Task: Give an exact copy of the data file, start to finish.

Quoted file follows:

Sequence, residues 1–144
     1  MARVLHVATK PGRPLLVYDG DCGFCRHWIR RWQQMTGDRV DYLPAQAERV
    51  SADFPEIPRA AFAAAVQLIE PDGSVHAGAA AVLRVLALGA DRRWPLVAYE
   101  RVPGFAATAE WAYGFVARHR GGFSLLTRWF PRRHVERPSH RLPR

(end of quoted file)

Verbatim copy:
Sequence, residues 1–144
     1  MARVLHVATK PGRPLLVYDG DCGFCRHWIR RWQQMTGDRV DYLPAQAERV
    51  SADFPEIPRA AFAAAVQLIE PDGSVHAGAA AVLRVLALGA DRRWPLVAYE
   101  RVPGFAATAE WAYGFVARHR GGFSLLTRWF PRRHVERPSH RLPR